Education Week - July 20, 2016 - 22
WHERE THE CANDIDATES STAND
The presumptive Democratic and Republican nominees for
president-Hillary Clinton and Donald Trump-have yet to release
comprehensive K-12 policy plans. To give a sense of where they stand,
Education Week reviewed their statements, proposals, and positions on
a dozen education policy issues, from school choice to school safety.
Some material is drawn from their 2016 presidential campaigns, some
from before they began their current quests for the White House.
* Supports the Common Core
* As first lady of Arkansas, led an effort
to raise graduation standards and
expand rigorous course offerings.
* As a U.S. senator, introduced legislation
calling for states to create voluntary
math and science standards.
* Has been clear throughout the
campaign: wants the Common
Core State Standards gone.
* The federal government can't get rid
of the standards unless it adopts a
new law banning the common core
outright, which is very unlikely.
* Hasn't detailed why he detests the
standards so much. But that didn't
stop him from attacking former
Florida Gov. Jeb Bush, his one-time
rival for the GOP nomination, for
supporting the common core.
* Would resurrect the School Climate and Transformation grant program, which
received $23 million in fiscal 2014, and increase it to $200 million.
* That money could be used to help schools create "school climate
support teams" made up of social workers, behavorial specialists, and
educators to help districts rethink their approach to discipline.
* Wants to make sure other federal funds can be used to train teachers on so-called
restorative-justice practices, in which students seek to make amends for their actions.
* Has said that Trump's campaign tactics set a bad example for students on bullying.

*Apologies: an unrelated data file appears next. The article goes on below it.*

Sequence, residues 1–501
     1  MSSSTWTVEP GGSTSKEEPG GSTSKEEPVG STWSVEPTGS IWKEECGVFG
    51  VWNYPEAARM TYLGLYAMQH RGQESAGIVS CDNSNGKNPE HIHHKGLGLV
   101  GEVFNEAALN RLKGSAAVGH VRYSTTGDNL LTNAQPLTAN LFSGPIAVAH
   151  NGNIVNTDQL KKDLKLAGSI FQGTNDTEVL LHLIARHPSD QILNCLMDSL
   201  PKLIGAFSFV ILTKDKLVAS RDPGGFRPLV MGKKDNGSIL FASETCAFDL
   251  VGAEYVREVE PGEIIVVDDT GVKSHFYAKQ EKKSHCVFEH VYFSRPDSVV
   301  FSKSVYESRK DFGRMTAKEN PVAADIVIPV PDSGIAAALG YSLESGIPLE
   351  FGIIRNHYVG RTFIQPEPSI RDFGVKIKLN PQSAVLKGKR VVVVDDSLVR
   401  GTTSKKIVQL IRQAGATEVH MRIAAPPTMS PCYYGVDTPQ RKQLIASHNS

* Hasn't specifically weighed in on bullying in schools, which
has gotten more attention in recent years.
* The Southern Poverty Law Center, an advocacy group, recently cited an
unscientific survey of teachers it said shows that Trump's campaign rhetoric
is linked to more students feeling unsafe or singled out by their peers.
* Said public schools can
learn from successful
charter schools in a recent
speech to the National
Education Association, drawing
boos from the audience.
* Offended some charter
school advocates last year
by saying that charters don't
serve all students, unlike
traditional public schools.
* Praised provisions to expand
high-quality charter schools in
the Every Student Succeeds Act.
* Opposes private school vouchers.
In fact, in a 2008 interview with
the Milwaukee Journal Sentinel,
she said they could be used to
fund training grounds for jihad.
* While not discussing the issue
on the campaign trail, in the
past has made clear he's a
fan of educational choice.
* In his 2000 book, The America We
Deserve, wrote that competition,
in a variety of forms, was
better for education.
"I have for many years now, about 30
years, supported the idea of charter
schools, but not as a substitute for
the public schools, but as
a supplement for the
-Town hall meeting, South Carolina
* Wants to offer students who come
from families that make less than
$125,000 the chance to go to public
colleges and universities for free.
* Wants to hold colleges accountable
for reining in costs and doing more to
help students, including disadvantaged
students, graduate on time. Would expect
students to work 10 hours a week to help
defray the cost of college attendance.
* Wants to make it easier for those in
public service, including teachers,
to have their loans forgiven.
* As a senator in 2007, introduced
legislation to expand access to Pell Grants
for so-called nontraditional students
and to provide competitive grants to
revamp remedial education classes.
* Wants to create "Modernize Every
School Bonds," a five-year $275
billion infrastructure program.
* Wants to bring ultra high-speed,
fiber-optic broadband to schools
and libraries and ensure that every
household has access to broadband.
scholarships. I call it
"We have too many kids in our
country right now who are living in
poverty, who are going to schools
like the ones in Detroit
that have mold and
rodents in them."
-The America We Deserve
-Democratic debate, Flint, Mich.
* Has said sufficient education
funding is necessary to implement
the Every Student Succeeds Act.
* Has called for new investments
in computer science education,
college access, and more.
* Wants to double funding for the
Education Innovation and Research
grants, the successor to the $120 million
Investing in Innovation program.
* Said he envisions a better educational
system that also spends less.
* Has claimed incorrectly that the
United States is No. 1 in the world
in per-pupil spending, although the
country does rank high in that regard.
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* In an interview with Inside Higher
Education, Sam Clovis, who is